Tester, Brown, King to VA: Fix ‘Ineffective’ Oversight of Community Care Network Administrators

Following OIG report detailing VA’s inability to oversee Community Care Network contracts, Senators demand VA take immediate steps to remedy the issues outlined in the report

(U.S. Senate) – Following a recent report from VA’s Office of Inspector General, Senate Veterans’ Affairs Committee Chairman Jon Tester (D-Mont.), U.S. Senators Sherrod Brown (D-Ohio), and Angus King (I-Maine) are pressing VA to take immediate action to improve oversight of its Community Care Network contracts to ensure veterans have timely access to providers in the community.

“We write today to express our frustration with the Department of Veterans Affairs’ (VA) lack of oversight of Community Care Network adequacy,” the Committee members wrote in a letter to VA Secretary McDonough. “The Community Care Network was designed to improve care coordination and make it easier for community providers and VA staff to serve veterans by expanding access to health care...Ineffective oversight, however, left VA medical facilities with insufficient access to a network of community providers who meet the needs of veterans.”

The Senators’ letter cited the VA OIG report, which detailed how VA’s Office of Integrated Veteran Care (IVC), the office responsible for overseeing community care access, “provided ineffective oversight” of its Community Care Network’s third-party administrators (TPAs), TriWest and Optum. It found that IVC did not ensure these administrators maintained provider networks accepting VA patients—a requirement in their contact with VA. This requirement is in place to ensure VA facilities have enough community providers to deliver care to veterans within the defined timelines and drive-time standards.

Underscoring their concerns with the report’s findings, the Senators continued, “[D]ue to network inadequacies, VA medical center staff reported spending hours trying to find community providers who will accept veteran patients and cite this issue as one of the biggest roadblocks to the timely scheduling of appointments. Staff at many facilities created their own provider lists on spreadsheets to ensure they have accurate and complete information for community providers…VA staff should not be put in a position where they need to rely on workarounds to schedule appointments in the community.”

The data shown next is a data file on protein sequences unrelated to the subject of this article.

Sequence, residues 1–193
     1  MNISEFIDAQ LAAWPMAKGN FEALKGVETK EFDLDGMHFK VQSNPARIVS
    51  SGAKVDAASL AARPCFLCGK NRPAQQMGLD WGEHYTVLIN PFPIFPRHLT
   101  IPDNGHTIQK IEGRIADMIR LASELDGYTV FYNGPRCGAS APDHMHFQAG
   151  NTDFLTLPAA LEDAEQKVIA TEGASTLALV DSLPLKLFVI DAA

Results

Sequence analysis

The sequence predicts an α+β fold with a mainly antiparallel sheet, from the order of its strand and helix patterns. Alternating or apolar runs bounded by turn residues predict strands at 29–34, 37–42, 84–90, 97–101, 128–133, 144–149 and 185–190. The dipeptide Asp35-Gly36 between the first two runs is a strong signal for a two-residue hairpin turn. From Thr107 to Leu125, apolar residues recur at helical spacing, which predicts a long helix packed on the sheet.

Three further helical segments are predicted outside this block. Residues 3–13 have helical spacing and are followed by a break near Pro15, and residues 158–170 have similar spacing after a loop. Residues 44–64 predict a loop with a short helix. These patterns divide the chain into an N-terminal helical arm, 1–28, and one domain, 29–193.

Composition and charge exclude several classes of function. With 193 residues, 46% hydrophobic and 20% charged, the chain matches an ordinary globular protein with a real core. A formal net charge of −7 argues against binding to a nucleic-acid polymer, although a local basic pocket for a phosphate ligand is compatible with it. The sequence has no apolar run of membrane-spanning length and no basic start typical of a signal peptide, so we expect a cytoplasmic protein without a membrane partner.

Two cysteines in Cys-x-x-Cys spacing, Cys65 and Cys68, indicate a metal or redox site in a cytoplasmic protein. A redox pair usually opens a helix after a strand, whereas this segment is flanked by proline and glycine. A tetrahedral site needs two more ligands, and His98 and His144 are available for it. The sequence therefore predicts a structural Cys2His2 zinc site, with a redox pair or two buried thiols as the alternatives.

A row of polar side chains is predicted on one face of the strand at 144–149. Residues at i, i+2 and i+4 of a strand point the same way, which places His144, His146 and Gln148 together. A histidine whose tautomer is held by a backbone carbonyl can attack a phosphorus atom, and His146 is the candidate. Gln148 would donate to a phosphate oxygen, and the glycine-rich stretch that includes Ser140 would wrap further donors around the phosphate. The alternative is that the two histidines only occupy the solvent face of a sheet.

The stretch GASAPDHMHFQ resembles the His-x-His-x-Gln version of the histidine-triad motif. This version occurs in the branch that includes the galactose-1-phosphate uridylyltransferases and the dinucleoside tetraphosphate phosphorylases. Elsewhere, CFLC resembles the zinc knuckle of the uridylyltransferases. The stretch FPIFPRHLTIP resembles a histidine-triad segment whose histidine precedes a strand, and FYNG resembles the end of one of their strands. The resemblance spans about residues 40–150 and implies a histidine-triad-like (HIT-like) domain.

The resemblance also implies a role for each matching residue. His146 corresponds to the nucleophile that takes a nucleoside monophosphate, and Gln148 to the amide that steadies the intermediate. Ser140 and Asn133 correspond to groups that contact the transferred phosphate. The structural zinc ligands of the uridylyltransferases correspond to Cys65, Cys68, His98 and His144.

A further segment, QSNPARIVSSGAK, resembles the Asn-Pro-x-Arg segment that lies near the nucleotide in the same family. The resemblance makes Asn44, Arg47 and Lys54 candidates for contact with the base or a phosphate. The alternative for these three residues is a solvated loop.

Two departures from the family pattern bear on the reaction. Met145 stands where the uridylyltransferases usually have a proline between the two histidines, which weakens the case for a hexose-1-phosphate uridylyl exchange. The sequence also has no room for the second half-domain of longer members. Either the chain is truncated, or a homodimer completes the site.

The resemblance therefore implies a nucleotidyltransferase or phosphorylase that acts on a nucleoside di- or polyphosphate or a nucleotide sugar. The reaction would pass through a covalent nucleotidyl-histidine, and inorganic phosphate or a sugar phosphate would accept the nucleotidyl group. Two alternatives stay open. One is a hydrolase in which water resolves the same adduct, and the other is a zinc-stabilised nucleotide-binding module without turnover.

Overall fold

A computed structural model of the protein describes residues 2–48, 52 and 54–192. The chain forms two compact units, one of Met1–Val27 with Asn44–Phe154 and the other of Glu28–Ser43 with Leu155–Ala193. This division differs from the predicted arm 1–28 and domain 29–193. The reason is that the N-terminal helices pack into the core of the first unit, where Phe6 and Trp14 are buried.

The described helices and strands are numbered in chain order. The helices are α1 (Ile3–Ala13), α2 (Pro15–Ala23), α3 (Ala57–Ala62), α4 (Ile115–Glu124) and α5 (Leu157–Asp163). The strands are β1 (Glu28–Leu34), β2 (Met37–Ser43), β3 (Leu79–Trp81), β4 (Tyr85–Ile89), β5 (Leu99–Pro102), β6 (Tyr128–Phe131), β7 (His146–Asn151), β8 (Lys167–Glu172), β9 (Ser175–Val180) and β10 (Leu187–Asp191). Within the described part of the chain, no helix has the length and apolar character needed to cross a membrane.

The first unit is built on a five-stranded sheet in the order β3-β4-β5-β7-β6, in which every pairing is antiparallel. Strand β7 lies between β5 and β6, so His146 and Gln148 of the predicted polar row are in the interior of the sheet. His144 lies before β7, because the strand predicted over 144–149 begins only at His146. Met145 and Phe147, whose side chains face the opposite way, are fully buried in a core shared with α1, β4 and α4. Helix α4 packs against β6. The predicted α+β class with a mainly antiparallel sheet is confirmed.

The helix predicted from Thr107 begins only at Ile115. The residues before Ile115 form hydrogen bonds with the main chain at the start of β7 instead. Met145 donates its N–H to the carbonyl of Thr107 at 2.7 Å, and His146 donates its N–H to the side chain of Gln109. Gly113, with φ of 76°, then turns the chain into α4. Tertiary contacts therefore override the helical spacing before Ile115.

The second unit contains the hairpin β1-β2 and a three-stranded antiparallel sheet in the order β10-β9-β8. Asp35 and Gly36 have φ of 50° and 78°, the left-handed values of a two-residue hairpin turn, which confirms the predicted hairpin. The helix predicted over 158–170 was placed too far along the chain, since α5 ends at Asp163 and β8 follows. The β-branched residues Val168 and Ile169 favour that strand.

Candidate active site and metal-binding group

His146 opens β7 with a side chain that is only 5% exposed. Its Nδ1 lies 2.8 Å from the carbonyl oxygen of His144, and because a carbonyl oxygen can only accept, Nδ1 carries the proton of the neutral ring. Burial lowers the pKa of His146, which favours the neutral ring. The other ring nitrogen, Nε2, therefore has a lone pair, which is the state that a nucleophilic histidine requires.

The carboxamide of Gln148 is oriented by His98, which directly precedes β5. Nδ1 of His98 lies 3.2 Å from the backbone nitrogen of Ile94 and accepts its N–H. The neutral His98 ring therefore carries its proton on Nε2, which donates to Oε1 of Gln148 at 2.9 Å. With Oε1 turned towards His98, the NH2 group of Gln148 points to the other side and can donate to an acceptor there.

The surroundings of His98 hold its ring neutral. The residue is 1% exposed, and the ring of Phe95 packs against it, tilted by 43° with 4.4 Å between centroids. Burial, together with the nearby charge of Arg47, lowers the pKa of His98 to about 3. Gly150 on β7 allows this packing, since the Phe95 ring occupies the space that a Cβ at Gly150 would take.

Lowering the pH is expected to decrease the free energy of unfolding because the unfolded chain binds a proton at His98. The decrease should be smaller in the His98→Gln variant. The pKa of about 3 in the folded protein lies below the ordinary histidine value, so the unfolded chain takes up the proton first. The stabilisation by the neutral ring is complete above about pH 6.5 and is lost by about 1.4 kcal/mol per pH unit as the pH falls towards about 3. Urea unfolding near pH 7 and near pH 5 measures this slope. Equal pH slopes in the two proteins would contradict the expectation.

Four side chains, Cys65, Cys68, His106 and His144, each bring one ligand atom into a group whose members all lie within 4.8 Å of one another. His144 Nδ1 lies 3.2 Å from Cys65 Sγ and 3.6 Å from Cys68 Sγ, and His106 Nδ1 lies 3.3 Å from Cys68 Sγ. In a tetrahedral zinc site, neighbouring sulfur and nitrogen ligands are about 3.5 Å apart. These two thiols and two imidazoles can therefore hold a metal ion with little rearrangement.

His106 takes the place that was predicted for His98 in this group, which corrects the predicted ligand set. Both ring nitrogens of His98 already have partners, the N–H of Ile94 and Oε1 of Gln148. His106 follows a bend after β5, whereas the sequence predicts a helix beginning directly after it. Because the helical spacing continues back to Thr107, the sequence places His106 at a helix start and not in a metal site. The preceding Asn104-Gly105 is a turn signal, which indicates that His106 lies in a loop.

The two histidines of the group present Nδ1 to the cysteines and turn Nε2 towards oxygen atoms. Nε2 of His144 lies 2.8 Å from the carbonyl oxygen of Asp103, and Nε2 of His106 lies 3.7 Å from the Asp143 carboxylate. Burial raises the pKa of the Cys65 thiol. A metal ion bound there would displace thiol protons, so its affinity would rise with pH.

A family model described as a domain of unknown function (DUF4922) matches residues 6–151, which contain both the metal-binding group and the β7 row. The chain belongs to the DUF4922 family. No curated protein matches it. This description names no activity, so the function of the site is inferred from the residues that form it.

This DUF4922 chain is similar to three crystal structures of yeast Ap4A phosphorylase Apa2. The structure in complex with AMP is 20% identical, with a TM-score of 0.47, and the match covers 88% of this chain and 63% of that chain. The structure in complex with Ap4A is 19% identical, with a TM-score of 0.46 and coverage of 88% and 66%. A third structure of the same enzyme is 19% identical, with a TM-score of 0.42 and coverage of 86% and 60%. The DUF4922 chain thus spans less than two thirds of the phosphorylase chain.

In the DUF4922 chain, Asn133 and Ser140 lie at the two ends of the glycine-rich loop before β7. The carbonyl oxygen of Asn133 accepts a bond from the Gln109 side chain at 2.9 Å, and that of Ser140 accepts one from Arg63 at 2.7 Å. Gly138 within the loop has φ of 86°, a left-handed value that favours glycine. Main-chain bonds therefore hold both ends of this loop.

They highlighted examples of VA community care managers in Montana, Maine, and Ohio who maintain their own internal lists of Community Care Network providers who will accept VA patients. In addition to relying on inaccurate provider lists, the Senators also noted how VA medical facility staff have reported that the Community Care Network administrators refuse to update inaccurate provider information and deny requests to add more providers to the network.

The Senators concluded, “When the OIG asked the TPAs why they didn’t add more providers to the network, both TriWest and Optum cited the costs associated with adding providers. This is completely unacceptable. The TPAs are contractually obligated to build and maintain an adequate network of community providers that actually accept veteran patients. IVC has failed to oversee the Community Care Network contracts and must immediately take steps to remedy the issues outlined in the report.”

Read the Senators’ full letter HERE.